Just weeks after Pakistani Prime Minister Imran Khan visited Sri Lanka to advocate on behalf of the island nation’s Muslim community, the Sri Lankan government has signaled its plans to ban the burqa, the all-encompassing covering that conservative Muslim women increasingly wear.
Sarath Weerasekara, Sri Lankan minister of public security, explained the government’s logic: “The burqa has a direct impact on national security. In our early days, we had a lot of Muslim friends, but Muslim women and girls never wore the burqa. It is a sign of religious extremism that came about recently. We will definitely ban it.”
The Sri Lankan government had previously suspended burqa use after Islamist terrorists struck three hotels and three churches on Easter Sunday, 2019. While the perpetrators in those attacks did not wear burqas, suicide bombers in Afghanistan, Cameroon, Chad, Iraq, Pakistan, and Saudi Arabia have all used the burqa as cover.
It is fair for proponents of religious freedom to criticize Sri Lanka’s latest proposal, though to do so without acknowledging the post-traumatic stress that, as a society, Sri Lanka suffered due to its 1983-2009 civil war and concurrent suicide bombing campaign is dishonest even if Islam was not an issue that conflict and Muslims not generally combatants.
Pakistan, however, has decided to make Sri Lankan domestic policies a diplomatic priority. Saad Khattak, Pakistan’s High Commissioner to Sri Lanka, warned that the move would not only insult local Muslims but would negatively affect all Muslims. “Such divisive steps in the name of security, besides accentuating economic difficulties, will only serve as fillip to further strengthen wider apprehensions about fundamental human rights of minorities in the country,” he added. Dawn, the oldest English-language newspaper in Pakistan, blasted the ban as Islamophobia in a masthead editorial entitled, “Muslims targeted.” In recent years, Khan himself has tweeted his opposition to alleged Islamophobia numerous times.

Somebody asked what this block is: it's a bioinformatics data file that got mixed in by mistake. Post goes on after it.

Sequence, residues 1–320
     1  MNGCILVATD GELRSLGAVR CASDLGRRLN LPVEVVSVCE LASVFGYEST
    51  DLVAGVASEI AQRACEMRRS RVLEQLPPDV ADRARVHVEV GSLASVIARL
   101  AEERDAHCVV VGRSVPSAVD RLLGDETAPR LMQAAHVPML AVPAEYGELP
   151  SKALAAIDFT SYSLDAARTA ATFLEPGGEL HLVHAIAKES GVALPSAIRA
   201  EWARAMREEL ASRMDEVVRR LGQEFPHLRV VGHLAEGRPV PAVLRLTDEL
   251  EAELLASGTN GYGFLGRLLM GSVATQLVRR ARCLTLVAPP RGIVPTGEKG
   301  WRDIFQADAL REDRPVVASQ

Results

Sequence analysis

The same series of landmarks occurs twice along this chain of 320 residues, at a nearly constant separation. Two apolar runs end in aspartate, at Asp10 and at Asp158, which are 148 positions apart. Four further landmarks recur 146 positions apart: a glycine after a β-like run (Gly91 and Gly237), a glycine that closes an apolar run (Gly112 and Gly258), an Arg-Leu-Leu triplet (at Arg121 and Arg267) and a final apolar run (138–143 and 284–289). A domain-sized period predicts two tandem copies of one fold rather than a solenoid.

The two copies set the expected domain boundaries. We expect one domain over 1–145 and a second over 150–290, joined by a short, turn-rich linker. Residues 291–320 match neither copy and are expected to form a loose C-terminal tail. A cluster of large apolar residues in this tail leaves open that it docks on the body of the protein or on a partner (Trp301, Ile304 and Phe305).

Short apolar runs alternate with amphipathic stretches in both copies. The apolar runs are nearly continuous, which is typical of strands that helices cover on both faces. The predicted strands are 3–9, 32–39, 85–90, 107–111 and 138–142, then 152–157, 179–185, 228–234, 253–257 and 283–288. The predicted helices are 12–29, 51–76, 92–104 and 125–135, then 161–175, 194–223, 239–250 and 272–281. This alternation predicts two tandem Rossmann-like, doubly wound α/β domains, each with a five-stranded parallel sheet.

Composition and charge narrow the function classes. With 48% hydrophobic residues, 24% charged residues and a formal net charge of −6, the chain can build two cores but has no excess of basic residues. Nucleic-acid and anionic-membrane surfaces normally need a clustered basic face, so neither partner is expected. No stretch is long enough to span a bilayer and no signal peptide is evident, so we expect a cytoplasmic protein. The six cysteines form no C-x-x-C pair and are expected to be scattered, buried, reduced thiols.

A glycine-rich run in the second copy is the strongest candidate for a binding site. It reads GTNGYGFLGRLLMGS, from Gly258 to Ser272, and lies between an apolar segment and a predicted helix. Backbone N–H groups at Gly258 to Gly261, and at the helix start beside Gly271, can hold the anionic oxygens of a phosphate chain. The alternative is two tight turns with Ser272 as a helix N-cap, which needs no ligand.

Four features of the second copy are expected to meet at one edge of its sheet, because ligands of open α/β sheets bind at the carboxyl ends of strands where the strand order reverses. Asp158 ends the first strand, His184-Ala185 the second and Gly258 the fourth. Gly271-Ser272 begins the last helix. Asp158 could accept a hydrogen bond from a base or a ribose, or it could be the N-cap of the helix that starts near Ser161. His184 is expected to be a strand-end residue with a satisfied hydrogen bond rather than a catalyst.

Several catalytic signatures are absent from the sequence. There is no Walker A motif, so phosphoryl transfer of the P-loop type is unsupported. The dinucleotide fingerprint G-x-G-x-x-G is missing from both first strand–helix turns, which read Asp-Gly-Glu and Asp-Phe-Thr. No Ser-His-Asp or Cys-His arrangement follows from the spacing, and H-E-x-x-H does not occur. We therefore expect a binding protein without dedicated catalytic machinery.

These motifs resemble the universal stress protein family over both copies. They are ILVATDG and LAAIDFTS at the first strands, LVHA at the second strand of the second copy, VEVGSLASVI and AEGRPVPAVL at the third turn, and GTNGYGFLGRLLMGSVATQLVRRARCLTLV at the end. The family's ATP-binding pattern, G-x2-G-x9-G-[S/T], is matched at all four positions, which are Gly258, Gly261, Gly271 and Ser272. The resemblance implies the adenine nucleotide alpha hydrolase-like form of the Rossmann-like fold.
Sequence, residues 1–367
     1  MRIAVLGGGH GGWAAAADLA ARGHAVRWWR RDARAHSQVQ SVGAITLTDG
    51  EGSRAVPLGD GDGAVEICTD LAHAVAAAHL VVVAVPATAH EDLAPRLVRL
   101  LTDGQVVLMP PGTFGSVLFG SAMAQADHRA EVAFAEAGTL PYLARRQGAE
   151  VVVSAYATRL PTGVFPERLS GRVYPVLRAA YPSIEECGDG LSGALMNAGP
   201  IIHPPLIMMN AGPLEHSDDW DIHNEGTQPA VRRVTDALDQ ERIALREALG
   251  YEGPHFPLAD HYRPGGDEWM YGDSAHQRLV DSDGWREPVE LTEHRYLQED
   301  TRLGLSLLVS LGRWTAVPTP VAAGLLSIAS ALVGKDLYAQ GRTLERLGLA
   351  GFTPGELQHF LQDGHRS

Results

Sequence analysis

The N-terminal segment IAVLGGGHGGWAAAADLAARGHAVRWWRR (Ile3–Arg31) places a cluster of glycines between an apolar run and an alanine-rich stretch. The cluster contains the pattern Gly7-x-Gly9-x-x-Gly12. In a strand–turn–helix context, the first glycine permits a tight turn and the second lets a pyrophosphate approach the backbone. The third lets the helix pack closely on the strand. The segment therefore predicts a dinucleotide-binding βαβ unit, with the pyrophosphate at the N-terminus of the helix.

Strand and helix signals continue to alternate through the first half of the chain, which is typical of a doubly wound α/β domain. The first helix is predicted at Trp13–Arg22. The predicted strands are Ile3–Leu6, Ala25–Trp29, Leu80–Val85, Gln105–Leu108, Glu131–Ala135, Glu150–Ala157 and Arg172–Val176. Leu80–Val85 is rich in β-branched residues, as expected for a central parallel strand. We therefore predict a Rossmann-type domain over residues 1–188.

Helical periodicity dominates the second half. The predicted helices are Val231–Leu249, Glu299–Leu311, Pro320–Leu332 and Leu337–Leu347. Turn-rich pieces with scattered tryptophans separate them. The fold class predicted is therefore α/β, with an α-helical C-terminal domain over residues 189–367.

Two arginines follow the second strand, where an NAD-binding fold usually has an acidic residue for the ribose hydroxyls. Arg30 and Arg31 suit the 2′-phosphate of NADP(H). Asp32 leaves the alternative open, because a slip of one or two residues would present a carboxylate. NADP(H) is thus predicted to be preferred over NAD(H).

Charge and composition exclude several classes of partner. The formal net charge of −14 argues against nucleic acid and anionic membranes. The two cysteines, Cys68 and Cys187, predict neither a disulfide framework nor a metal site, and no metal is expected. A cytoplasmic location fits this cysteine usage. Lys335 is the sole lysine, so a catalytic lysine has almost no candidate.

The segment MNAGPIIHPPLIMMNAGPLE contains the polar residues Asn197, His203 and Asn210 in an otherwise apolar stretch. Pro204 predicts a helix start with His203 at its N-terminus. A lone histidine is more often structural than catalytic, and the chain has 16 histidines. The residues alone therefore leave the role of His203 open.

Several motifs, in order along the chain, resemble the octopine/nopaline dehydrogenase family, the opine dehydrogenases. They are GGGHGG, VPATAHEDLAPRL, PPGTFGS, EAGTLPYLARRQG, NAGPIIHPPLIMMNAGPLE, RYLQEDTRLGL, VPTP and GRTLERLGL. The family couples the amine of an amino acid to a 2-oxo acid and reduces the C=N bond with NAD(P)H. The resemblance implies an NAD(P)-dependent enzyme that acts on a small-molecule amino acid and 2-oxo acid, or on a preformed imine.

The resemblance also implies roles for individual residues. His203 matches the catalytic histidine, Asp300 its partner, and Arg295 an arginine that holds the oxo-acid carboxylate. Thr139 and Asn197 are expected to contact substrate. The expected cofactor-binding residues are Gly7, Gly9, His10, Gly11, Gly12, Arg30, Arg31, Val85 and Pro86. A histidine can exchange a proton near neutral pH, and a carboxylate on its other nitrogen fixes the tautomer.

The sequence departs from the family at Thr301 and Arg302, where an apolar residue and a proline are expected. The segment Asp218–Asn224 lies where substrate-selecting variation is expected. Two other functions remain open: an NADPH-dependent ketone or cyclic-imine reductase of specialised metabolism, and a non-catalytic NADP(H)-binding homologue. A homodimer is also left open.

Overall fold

Pakistan’s criticism is stunning in its hypocrisy. Put aside Pakistan’s own treatment of its minority population. Where Pakistani officials once embraced Christians and even local Hindus, now these minorities and local Ahmadis as well live in fear. Banning a veil as Sri Lanka proposes versus murdering minorities with impunity as Khan’s government allows are not equivalent.
Beyond that, however, the idea that Pakistan has any authority to criticize Sri Lanka on its proposed burqa while not simply ignoring but actually endorsing China’s genocide of its Uighur population is amazing in its gall. Uighur-inspired terrorism in China has been minimal, but Khan explicitly used counterterrorism and security to justify Beijing’s incarceration of millions. Given Khan’s endorsement of the largest genocide of Muslims to date, it is fair to say that Israel has a better record countering Islamophobia than Imran Khan’s Pakistan. The same hypocrisy also shows that Pakistan’s criticism of Sri Lanka has more to do with Pakistan treating Sri Lanka with almost colonial disdain than with any sincere effort to preserve, protect, and advocate for the rights of Sri Lankan Muslims.
If Imran Khan wants to be a global leader in the effort to combat Islamophobia, he must confront China. It is time for Imran Khan to be a leader rather than a concubine who talks big only when her suitor is away.
Now a 1945 Contributing Editor, Michael Rubin is a Senior Fellow at the American Enterprise Institute (AEI).